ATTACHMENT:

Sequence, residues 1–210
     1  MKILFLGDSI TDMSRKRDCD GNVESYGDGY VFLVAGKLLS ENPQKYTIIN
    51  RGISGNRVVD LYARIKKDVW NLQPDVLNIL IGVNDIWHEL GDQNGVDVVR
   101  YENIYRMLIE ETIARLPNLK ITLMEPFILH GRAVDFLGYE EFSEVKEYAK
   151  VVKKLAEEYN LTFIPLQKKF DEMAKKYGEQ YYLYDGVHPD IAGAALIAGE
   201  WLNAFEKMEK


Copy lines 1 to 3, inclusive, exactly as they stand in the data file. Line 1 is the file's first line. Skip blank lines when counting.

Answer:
Sequence, residues 1–210
     1  MKILFLGDSI TDMSRKRDCD GNVESYGDGY VFLVAGKLLS ENPQKYTIIN
    51  RGISGNRVVD LYARIKKDVW NLQPDVLNIL IGVNDIWHEL GDQNGVDVVR